The first of April is often an exciting time, indicating the start of the notorious 'wet' month which brings April Showers (looking accurate so far), and this year is no exception with various new innovations appearing within the broadband industry as we detail below.
Andrews & Arnold are the first ISP to announce that they are dropping IPv4 in favour of running an IPv6 only network. They have been offering IPv6, the next version of the protocol that the Internet relies upon, for seven years and feel the time is right to make the leap to a v6 only network. Around 10% of customers currently have an IPv6 allocation, and AAISP will be allocating a /48 IPv6 address block to the rest.
The change over is pretty simple. You just have to either get an IPv6 capable router or set up PPPoE to an IPv6 capable PPPoE gateway such as your average linux box. I am sure everyone has several linux boxes, and the config is quite simple.
Once we have allocated IPv6 addresses the PPP negotiation will refuse IPv4 as not supported and only negotiate IPv6. If that does not work for anyone, they just need to email us for help.
In an unrelated move, the email servers will only accept email from our customer IPv6 addresses.AAISP news release
Of course, some equipment does not yet support IPv6, and for these, they have release an IPv4/6 converter cable as pictured here:
IPv4/6 converter cable for legacy equipment. Image courtesty AAISP
AAISP only released short comment on the news.
"NAT is evil."Adrian Kennard, (Director) AAISP
A new innovation from TalkTalk Labs being released on trial today is a new Ethernet cable that can increase speeds by up to 332% without any loss of quality, resulting in a broadband connection that is three times faster than normal. TalkTalk are looking for 300 trialists to receive a free sample of the cable developed by a Dr Aprilsnar.
We have been using spectral resonance theory pioneered by the late Dr Aprilsnar, which uses balances the natural resonance of the typical home with that of the absorption rate across frequencies. What’s interesting is that the cost of the final product will be no more than the usual Yellow Ethernet Cables used today.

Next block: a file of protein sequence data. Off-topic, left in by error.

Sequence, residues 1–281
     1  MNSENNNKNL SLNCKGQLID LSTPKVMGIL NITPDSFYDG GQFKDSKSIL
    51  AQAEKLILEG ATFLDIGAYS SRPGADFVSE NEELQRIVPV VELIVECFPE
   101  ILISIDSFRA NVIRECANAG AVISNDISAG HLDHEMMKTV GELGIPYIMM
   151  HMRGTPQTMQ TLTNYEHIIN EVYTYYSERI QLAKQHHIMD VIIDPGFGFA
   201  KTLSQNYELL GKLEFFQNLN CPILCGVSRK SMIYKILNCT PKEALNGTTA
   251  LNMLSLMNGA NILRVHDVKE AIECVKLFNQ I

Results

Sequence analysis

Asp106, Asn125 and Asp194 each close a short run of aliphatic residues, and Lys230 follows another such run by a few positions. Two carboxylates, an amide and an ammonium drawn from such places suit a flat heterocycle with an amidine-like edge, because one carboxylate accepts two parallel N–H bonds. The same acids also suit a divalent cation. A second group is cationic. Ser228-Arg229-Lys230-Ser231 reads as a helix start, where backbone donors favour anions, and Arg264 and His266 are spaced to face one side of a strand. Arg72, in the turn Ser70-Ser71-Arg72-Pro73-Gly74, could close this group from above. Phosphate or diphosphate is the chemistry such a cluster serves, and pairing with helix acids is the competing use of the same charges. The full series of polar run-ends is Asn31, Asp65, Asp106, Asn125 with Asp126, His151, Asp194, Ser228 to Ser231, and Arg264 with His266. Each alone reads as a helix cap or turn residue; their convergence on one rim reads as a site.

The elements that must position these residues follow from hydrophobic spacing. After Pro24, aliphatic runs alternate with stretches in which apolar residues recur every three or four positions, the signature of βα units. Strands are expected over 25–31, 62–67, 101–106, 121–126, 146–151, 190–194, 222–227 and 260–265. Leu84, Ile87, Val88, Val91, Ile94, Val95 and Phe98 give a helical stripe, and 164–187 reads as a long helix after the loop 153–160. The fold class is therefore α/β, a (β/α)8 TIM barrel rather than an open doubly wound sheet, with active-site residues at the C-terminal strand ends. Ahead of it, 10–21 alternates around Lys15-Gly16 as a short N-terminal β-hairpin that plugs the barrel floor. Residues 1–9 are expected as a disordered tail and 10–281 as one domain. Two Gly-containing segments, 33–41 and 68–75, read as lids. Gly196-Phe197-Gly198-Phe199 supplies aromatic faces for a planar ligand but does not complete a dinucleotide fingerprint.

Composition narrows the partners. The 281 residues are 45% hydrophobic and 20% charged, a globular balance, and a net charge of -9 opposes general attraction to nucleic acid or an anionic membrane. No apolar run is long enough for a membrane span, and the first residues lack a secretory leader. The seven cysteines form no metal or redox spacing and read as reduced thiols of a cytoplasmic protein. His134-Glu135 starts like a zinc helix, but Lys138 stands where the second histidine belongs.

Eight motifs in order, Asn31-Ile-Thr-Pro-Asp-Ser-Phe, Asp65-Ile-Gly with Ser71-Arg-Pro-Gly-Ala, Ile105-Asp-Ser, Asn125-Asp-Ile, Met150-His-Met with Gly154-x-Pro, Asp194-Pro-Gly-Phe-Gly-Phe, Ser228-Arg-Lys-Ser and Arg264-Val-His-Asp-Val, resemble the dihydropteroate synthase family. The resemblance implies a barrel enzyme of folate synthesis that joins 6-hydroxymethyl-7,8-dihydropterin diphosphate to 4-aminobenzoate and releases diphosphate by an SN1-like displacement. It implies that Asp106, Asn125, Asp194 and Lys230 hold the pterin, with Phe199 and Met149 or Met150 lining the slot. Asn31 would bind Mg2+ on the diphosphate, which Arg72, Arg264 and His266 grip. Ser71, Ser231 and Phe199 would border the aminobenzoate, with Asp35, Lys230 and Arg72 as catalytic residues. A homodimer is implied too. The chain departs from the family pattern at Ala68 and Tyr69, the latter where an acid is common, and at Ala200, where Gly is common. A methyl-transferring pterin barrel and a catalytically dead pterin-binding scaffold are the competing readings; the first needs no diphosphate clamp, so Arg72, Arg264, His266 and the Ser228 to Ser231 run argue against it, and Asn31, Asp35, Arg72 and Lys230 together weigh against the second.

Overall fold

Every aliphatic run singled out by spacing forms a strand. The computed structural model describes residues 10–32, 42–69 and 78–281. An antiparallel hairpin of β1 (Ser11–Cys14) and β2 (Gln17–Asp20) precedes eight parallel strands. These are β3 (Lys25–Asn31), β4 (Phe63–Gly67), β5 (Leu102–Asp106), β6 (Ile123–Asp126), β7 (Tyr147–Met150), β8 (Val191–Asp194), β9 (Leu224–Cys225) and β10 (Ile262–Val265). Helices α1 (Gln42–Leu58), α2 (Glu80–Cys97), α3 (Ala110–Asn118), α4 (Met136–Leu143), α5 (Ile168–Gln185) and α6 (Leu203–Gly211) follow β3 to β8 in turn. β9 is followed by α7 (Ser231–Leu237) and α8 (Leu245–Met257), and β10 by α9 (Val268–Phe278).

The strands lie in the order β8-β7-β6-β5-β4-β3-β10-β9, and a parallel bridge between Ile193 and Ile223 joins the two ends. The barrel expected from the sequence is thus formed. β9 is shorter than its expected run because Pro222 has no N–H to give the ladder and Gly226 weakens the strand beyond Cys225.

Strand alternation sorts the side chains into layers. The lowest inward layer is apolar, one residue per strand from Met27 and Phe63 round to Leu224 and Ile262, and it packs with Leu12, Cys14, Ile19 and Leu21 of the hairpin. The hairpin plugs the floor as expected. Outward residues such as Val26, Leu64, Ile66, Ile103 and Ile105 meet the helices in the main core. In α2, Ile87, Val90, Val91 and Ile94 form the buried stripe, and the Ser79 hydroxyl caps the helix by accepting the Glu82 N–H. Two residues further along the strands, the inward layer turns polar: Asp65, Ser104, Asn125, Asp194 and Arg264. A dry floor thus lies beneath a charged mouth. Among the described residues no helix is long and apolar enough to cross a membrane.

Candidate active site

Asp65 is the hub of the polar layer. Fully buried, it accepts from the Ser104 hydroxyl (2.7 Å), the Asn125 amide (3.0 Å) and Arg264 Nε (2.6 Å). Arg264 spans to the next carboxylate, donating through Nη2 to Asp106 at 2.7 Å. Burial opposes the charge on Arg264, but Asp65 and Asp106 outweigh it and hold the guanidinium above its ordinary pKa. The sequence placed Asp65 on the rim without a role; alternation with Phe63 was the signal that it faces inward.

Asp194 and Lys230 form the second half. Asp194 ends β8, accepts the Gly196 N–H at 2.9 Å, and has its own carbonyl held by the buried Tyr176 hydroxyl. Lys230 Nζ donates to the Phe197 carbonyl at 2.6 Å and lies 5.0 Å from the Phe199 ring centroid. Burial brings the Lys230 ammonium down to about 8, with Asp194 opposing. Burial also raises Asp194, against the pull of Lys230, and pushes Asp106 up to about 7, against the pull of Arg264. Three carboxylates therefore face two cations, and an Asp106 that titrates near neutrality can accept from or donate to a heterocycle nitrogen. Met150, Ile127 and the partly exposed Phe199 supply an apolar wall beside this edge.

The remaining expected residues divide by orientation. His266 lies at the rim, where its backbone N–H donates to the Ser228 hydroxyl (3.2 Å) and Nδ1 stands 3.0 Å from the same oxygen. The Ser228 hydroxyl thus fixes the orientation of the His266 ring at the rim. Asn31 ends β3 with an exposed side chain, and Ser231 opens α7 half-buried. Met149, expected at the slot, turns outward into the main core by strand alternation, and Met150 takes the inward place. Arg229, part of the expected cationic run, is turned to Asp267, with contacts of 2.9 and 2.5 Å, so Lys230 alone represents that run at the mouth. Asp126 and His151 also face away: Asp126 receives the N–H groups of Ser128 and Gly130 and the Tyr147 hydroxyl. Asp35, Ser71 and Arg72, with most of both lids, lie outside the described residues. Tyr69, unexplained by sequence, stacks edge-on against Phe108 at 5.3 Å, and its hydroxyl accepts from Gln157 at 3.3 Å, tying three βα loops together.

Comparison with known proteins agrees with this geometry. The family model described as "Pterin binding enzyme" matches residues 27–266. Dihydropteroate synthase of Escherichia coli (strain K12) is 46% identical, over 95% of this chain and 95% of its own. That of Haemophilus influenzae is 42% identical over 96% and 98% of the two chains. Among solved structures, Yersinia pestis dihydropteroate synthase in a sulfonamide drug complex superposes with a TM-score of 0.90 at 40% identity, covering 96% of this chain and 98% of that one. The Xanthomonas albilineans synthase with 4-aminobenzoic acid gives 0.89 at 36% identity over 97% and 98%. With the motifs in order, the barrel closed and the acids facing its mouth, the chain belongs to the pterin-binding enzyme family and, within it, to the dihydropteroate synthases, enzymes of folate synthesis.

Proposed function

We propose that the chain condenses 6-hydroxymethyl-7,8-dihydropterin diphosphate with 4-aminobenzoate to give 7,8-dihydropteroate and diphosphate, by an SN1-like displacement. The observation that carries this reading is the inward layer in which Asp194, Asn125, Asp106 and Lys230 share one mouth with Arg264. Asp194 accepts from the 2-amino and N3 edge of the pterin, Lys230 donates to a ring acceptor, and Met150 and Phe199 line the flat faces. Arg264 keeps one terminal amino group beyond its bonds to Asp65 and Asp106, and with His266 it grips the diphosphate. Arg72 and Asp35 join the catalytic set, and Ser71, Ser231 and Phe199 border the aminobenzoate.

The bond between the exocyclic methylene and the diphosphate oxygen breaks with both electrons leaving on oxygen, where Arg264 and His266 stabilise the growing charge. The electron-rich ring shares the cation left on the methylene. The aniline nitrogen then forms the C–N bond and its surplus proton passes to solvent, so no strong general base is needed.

The Colour Violet has a very close wavelength (400nM) as that of the natural resonance found in UK homes, which means that the usual interference that effects the Yellow cables is bounced away by the Violet cables. It has totally amazed us with the level of improvement you can get by changing the colour of the cable from Yellow to Violet.TalkTalk Labs blog post
We wish TalkTalk all the best with their new Violet cable trials.
Virgin Media have today announced that they have been using ferrets to help investigate, assess and support problems on it's cable network. The ferrets not only search out the best place to lay fibre optic cables, but also wear jackets fitted with special microchips which feed back information on maintenance required to human operators.
Virgin Media's broadband team came about the idea when discovering that ferrets were used to lay TV and sound cables for the televised coverage of the Party in the Park concert in Greenwich at the turn of the millennium. Initially rolled out on a trial basis for the first year, the scheme has proved so successful that Virgin Media is expanding its ferret force and continuing to use the furry investigators to help bring high-speed broadband to the nation.
The team of over 20 specially trained ferrets are the fastest in the land and hail from the National Ferret School in the Derbyshire Peaks. Headed up by Fang and Bandit, who are top breed Silver-mitt ferrets, the ferrets undergo regimented training at the school and love to race in their spare time. To mark the one year anniversary with Virgin Media the ferrets can be seen sitting patiently in a recreation of the famous 1932 Charles C Ebbets shot, 'Lunch atop a skyscraper', which was taken during the construction of the Rockefeller Centre in New York.Virgin Media news release